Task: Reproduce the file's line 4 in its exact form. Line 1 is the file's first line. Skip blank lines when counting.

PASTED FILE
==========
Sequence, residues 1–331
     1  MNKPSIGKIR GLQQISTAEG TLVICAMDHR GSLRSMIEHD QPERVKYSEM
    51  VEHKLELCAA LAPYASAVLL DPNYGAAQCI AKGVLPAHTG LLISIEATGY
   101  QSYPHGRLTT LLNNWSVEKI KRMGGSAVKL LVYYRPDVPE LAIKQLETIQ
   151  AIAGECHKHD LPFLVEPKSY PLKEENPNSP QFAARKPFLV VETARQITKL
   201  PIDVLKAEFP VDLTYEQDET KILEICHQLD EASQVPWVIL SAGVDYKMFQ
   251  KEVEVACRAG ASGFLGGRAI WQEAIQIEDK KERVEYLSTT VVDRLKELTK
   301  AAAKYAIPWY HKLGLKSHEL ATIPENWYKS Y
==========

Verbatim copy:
   101  QSYPHGRLTT LLNNWSVEKI KRMGGSAVKL LVYYRPDVPE LAIKQLETIQ